While Indians around the world have made a mark in many fields, sports is an arena where we are said to lag behind other countries. Except perhaps when it comes to cricket, or hockey. However, that seems to be changing now, as more and more Indian origin sportspersons are making a name for themselves in their country of residence.
Here is a look at some sportspersons who are a force to reckon with in their nations, and well on their way to global popularity:
Diviya GK, captain of women’s national cricket team, Singapore
Diviya GK has been representing Singapore at an international level since 2006 and is so far is the only woman to play in the men’s league in Singapore.
“My cousins were on the national cricket team for Singapore, and I used to play cricket with them at the void decks when I was about 13 years old. They would tease me by saying that I cannot play cricket because I am a girl,” Diviya, 30, told Connected to India.
Diviya has so far played in Australia, South Africa and the Netherlands and is also involved in coaching at the Rex Martens Cricket Academy in SIngapore and the Quick Club in the Netherlands.
Sim Bhullar, basketball player, Canada
Sim Bhullar is recorded as the first player of Indian descent who was signed up for an NBA team after he joined the Sacramento Kings for the 2014 NBA Summer League. His parents migrated to Canada from Punjab.
Bhullar, 24, was born in Toronto and grew up in Brampton. He is also a two-time WAC tournament MVP, winning the award in 2013 and 2014, where he also helped New Mexico State reach the NCAA Tournament.
Nyan Mesuria , football player, UK
The 14-year-old football sensation, who has been recently making waves online through a video that features him, is being labelled ‘football’s first Indian superstar’. Mesuria has been offered a 12-month placement at the Chelsea Foundation Football Development Centre.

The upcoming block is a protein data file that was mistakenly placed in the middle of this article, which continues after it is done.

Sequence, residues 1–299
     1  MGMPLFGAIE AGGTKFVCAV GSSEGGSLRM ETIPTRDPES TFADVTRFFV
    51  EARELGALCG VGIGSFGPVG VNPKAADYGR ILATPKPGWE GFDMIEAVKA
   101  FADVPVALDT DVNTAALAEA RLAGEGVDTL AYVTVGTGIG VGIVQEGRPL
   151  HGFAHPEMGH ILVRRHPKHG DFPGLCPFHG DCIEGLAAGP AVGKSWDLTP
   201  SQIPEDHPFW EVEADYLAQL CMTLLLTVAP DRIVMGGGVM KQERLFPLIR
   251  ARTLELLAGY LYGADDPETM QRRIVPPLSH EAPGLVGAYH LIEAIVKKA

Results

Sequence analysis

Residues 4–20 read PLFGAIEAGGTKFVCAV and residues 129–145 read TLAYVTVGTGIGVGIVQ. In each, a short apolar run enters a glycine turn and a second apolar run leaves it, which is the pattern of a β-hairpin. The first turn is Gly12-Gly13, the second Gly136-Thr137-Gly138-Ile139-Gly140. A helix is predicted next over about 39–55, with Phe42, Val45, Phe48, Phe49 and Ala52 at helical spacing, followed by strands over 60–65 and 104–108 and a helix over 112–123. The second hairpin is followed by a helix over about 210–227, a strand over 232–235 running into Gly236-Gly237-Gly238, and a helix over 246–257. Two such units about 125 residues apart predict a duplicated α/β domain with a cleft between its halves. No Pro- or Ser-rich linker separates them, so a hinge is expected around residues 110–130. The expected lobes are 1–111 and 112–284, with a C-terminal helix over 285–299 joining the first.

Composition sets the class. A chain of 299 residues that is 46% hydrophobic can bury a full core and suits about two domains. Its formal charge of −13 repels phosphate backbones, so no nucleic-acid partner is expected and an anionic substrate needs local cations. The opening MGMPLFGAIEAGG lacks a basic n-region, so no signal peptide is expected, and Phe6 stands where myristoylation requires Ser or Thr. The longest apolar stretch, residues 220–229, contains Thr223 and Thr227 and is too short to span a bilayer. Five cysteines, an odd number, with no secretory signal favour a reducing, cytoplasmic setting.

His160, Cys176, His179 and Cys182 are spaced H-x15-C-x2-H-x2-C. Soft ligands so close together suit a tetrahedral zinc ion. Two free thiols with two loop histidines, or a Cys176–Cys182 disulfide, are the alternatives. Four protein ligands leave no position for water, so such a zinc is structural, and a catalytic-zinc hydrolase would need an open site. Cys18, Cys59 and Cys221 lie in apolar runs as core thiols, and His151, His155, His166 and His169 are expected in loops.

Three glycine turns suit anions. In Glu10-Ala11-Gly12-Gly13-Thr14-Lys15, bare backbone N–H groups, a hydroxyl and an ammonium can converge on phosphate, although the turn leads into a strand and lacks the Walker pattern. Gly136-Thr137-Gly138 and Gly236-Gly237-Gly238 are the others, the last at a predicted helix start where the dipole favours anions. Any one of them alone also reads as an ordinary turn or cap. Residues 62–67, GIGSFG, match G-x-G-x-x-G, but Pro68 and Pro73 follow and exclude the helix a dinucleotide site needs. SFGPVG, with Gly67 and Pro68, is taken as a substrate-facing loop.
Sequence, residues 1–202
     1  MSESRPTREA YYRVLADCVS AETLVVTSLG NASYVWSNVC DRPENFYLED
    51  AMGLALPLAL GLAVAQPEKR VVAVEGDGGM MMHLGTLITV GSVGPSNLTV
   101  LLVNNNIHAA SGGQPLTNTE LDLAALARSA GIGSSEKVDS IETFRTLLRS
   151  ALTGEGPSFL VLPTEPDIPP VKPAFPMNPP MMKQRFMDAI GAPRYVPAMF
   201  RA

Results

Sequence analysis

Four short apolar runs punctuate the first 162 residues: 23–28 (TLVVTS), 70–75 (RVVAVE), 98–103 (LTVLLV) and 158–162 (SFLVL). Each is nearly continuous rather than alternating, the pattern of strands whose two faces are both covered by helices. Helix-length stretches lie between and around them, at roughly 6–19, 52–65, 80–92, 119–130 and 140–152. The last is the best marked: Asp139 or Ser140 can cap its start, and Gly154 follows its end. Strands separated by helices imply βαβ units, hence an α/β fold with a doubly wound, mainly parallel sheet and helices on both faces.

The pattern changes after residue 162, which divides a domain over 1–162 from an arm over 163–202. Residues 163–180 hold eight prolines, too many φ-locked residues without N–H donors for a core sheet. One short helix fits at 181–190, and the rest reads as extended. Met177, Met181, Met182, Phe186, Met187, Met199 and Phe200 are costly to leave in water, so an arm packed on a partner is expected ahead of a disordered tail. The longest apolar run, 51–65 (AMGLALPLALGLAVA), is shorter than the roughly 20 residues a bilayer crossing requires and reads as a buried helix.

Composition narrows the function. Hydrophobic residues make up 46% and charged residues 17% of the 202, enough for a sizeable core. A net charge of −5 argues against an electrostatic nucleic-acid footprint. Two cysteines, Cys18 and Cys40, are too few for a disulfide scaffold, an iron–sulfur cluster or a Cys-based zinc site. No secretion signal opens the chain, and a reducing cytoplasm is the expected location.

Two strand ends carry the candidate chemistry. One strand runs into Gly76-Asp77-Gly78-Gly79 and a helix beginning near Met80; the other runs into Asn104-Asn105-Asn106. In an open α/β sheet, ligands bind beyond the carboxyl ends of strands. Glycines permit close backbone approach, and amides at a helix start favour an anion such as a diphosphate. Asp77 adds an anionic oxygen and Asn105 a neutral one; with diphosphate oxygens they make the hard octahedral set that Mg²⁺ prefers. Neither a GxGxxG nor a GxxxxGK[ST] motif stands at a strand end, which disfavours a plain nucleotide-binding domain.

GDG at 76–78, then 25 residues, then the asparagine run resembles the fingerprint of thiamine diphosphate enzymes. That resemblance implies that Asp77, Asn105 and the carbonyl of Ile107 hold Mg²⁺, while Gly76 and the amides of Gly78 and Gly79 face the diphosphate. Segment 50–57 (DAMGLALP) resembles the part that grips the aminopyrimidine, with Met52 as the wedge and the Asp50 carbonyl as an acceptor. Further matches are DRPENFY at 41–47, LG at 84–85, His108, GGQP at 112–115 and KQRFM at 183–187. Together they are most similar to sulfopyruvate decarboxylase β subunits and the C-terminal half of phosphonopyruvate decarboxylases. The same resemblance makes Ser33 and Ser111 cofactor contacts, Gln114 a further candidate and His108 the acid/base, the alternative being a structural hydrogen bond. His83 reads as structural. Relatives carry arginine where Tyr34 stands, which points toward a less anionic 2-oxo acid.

Mesuria was born in London to Indian parents, and currently plays for the under-15 team of Ipswich Town’s Academy. He will be eligible to represent India in international football in the future but has time on his hands before he decides whether he wants to switch commitment from England to India in the future.
Paviter Singh, ultra-runner, Singapore
Paviter Singh, who started running marathons in 2004, is now aiming to run at the Ultra Trail Mont Blanc (UTMB) in Italy in September. UTMB consists of an exhausting 170 km trail race, which passes through France, Italy and Switzerland along the Mt Blanc Trail.
The Singapore resident has earlier participated in marathon trails such as the 119-km Lavaredo Ultra Trail and several 100-km runs.
Nauraj Singh Randhawa, high jumper, Malaysia
The Malaysian high jumper, winner of two gold medals at the South Asian Games, in 2013 and 2015, broke his own record broke of 2.29m with a new height of 2.30m at the Singapore Open Athletics Championships in in April this year. Randhawa, who is in his mid-twenties, took up high jumping as a nine-year-old boy. He was also seen warming up for an appearance in August at the World Athletics Championships in London by winning his first European title in Barcelona on June 29.
Kalisa Kaur, netball player, Singapore
The 13-year-old netball player, known as a ‘netball prodigy’, was a part of her school team at St Hilda’s Primary School that won the gold at the National Championship last year. Kalisa knows she has got what it takes to reach the top ranks. “She’s so fanatical that she eats, sleeps and breathes netball in order to realize her ultimate goal of representing Singapore one day,” her mum Kawal Kaur says, according to the Independent.
Interest in sports runs in Kalisa’s family. Her grandfather Amarjeet Singh, a retired deputy superintendent of police, was an all-round sportsman who represented the Singapore Police in hockey and football. Her mother was a prolific netballer and brother Mark Ravinpal plays cricket for the Singapore Cricket Club (SCC).